“That really takes my breath away,” Grover said. “We know children living in poverty, especially those experiencing homelessness in addition, are absolutely more likely to have higher ACEs. We know kids living below the federal poverty level are five times more likely to experience that critical number of four or more ACEs.”

The early research of California Surgeon General Nadine Burke Harris, MD, MPH, FAAP, shows that children who have four or more ACEs are 32 times more likely to have learning and behavioral problems than children who have no ACEs. Children with two or more ACEs are almost three times more likely to repeat a grade in school as a child who has none. Even having just one ACE increases your risk of lifetime asthma by almost 28 percent because of the effect ACEs have on the inflammatory system, Grover said.

Bhalla next talked about the population of children served by the Illumination Foundation in Orange County. One in five children has a diagnosable mental illness, 150,000 children have a diagnosable mental health disorder, one in five children in Orange County goes hungry and/or suffers from a mental health illness, and suicide is the second-leading cause of death of young people ages 10-24.

The Illumination Foundation has cared for thousands of children. It operates three family shelters and serves 500 children at any given time.

“Ninety-two percent of the kids that we see have an average ACE score of six or more,” Bhalla said. “The average ace score is 7.3. Eighty percent of the children that we see have a family member diagnosed with mental illness, 87 percent of the children have been separated from a caregiver, and 71 percent of the children have witnessed some type of domestic violence.”

The Illumination Foundation is addressing these issues by providing early childhood and after-school programs, hiring mental health staff, and building a substance abuse team to help families.

Leon, a public-health nurse, started the Illumination Foundation in his garage 13 years ago. Now it is a $25-million nonprofit with 250 employees.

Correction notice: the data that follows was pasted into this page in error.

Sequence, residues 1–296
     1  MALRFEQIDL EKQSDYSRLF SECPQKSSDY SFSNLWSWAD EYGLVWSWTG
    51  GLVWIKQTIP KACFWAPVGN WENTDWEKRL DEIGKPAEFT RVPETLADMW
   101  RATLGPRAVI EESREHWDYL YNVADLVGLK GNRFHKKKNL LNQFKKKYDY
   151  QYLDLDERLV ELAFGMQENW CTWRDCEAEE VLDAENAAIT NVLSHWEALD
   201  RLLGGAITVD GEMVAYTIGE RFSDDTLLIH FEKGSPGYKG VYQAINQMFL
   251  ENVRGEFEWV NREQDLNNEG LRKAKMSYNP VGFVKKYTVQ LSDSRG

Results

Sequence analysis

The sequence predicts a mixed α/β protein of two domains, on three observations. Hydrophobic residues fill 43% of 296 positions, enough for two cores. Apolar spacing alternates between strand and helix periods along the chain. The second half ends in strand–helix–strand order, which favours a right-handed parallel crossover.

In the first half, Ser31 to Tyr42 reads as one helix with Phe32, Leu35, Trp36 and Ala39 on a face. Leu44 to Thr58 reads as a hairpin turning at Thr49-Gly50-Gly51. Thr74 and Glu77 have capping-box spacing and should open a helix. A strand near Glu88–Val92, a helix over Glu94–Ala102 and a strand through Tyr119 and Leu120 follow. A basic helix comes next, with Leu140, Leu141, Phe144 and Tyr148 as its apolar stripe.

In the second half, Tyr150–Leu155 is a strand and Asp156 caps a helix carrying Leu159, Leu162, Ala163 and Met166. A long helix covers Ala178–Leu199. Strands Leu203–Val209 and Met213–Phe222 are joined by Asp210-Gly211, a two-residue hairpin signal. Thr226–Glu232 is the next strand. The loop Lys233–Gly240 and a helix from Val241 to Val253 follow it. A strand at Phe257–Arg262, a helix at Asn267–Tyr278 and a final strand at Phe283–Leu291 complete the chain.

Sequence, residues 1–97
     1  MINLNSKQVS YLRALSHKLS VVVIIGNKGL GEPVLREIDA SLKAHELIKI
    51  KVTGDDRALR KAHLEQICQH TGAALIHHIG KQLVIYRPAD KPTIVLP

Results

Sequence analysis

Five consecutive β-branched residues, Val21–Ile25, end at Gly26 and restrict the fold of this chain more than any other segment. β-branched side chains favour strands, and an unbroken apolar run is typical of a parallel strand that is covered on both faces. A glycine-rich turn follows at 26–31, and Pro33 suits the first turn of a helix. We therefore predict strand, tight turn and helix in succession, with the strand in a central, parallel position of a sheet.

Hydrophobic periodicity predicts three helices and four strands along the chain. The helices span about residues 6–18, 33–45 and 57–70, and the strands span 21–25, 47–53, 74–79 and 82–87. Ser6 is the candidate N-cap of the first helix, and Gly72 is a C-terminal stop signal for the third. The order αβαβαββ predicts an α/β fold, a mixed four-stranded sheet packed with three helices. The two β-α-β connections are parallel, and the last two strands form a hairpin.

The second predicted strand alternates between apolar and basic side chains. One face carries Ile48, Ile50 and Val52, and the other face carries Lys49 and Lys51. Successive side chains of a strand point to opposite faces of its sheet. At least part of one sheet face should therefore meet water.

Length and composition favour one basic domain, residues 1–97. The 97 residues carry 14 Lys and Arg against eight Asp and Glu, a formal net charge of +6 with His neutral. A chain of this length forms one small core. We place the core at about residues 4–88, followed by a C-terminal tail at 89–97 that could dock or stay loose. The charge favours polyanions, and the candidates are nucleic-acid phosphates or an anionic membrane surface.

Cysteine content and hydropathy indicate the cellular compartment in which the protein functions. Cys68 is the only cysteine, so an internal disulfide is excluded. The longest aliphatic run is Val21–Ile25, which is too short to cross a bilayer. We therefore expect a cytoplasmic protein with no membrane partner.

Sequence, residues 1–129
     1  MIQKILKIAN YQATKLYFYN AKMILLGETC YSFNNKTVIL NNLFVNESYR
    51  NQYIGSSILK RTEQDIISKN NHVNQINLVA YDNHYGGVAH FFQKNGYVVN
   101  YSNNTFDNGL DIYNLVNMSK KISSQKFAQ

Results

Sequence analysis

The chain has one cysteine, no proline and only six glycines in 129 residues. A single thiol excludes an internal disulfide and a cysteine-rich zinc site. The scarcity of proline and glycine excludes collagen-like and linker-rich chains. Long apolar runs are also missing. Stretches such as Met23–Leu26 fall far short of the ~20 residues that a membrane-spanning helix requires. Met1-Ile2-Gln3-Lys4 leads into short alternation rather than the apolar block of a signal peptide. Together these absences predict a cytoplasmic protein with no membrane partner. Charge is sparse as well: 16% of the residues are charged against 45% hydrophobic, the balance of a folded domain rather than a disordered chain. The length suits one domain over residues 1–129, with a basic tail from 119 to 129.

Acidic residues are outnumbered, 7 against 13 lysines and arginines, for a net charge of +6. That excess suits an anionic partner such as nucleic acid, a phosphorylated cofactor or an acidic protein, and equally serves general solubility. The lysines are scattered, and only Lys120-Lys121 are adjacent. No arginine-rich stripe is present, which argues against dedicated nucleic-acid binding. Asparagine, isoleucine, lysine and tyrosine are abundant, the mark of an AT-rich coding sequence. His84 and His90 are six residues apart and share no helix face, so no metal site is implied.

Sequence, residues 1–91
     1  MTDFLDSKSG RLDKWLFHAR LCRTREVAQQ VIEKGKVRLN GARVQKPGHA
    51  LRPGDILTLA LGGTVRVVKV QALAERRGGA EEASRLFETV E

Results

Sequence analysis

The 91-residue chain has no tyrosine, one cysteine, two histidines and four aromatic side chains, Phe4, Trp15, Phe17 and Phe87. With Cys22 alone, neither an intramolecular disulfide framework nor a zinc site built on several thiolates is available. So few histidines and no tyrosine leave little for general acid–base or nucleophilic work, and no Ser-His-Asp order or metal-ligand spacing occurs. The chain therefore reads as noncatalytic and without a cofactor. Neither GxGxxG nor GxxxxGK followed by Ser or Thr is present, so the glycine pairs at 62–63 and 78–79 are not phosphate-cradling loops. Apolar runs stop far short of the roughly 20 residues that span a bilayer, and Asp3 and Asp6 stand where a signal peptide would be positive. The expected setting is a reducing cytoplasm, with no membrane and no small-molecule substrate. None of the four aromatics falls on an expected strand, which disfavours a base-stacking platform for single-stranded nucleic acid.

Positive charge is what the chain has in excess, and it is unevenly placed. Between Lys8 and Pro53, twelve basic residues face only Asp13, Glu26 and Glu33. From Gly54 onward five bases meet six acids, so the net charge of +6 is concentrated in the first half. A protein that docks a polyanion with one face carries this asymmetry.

“We felt it was our responsibility to take care of these individuals that can’t take care of themselves, as health care professionals and leaders,” Leon said. “We wanted to break the cycle of homelessness. We knew there were two things that were preventing people from moving on – one was health and the other was housing.”

The foundation provides recuperative care to homeless patients, giving them a safe place to recover after hospital discharge rather than returning to the streets. Micro communities of shared housing provide specialized supportive services such as case management, counseling and medical oversight.

He encouraged the students in the audience to join in these efforts.

“Don’t underestimate the impact you have on children and the homeless. The myths that you hear about people not wanting help is not true,” Leon said. “We have thousands of people that are now in permanent supportive housing, and certainly the children need our help in all facets.”

Grover encouraged future clinicians in the audience to break away from the traditional health care model of figuring out “what’s wrong” and then “fixing” a patient.

“When we’re looking at traumatized individuals, we really need to be looking for the story,” Grover said. “Tell me what has happened to you. What has brought you to this point? Share your story with me and let me try and understand you so that I can partner with you.”

The Dr. Robert L. Austin Endowed Lectureship in Pediatric Medicine and Pediatric Health Care Policy is made possible by a generous donation from Mrs. Gloria L. Austin of La Mirada, California in memory of her husband, Robert, a pediatrician and early supporter of the University. In addition to the lecture, the endowment provides funds for annual scholarships for both an osteopathic medical student and a pharmacy student.